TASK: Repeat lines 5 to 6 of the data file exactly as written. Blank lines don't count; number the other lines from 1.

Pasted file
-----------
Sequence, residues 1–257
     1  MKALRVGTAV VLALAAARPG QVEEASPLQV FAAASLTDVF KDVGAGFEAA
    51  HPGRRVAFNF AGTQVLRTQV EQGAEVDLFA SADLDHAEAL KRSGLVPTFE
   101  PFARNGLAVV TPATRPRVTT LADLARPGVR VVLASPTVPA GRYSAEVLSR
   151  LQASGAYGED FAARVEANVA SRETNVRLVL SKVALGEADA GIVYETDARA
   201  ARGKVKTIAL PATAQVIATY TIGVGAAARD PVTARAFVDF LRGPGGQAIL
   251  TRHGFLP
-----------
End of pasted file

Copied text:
   151  LQASGAYGED FAARVEANVA SRETNVRLVL SKVALGEADA GIVYETDARA
   201  ARGKVKTIAL PATAQVIATY TIGVGAAARD PVTARAFVDF LRGPGGQAIL